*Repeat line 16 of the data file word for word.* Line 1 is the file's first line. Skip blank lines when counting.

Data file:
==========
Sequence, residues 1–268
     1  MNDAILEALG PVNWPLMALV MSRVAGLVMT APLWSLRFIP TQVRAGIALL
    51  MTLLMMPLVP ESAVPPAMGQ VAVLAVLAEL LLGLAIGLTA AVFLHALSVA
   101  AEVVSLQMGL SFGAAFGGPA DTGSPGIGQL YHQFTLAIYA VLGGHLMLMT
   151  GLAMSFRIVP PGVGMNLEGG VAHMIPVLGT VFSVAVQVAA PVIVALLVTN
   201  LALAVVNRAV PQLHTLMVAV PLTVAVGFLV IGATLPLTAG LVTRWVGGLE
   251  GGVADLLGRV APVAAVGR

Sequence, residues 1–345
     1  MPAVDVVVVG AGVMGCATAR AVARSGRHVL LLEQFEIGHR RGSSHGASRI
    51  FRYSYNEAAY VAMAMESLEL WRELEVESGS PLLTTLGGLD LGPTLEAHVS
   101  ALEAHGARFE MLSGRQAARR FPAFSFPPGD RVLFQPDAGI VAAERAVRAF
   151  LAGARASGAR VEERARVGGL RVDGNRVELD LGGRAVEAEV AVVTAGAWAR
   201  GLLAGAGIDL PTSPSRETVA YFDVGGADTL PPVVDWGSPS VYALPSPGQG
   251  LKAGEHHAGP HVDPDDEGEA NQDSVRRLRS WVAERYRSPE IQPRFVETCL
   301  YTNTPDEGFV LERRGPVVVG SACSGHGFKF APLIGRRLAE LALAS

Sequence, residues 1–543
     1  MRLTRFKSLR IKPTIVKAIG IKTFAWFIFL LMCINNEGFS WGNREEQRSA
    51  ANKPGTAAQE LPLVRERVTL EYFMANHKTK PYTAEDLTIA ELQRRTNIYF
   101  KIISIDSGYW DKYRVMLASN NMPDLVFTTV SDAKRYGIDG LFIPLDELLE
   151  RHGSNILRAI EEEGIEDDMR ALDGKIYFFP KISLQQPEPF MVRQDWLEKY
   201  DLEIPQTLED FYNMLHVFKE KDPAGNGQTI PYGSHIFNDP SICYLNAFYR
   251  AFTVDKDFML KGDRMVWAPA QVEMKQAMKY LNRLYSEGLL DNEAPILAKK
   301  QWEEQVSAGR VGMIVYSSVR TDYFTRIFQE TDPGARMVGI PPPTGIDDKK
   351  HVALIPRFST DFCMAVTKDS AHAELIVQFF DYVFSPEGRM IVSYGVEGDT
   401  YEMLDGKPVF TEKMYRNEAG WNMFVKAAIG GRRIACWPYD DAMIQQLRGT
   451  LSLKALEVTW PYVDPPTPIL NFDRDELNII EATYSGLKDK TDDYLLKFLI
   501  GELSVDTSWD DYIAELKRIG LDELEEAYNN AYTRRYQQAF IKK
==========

Sequence, residues 1–543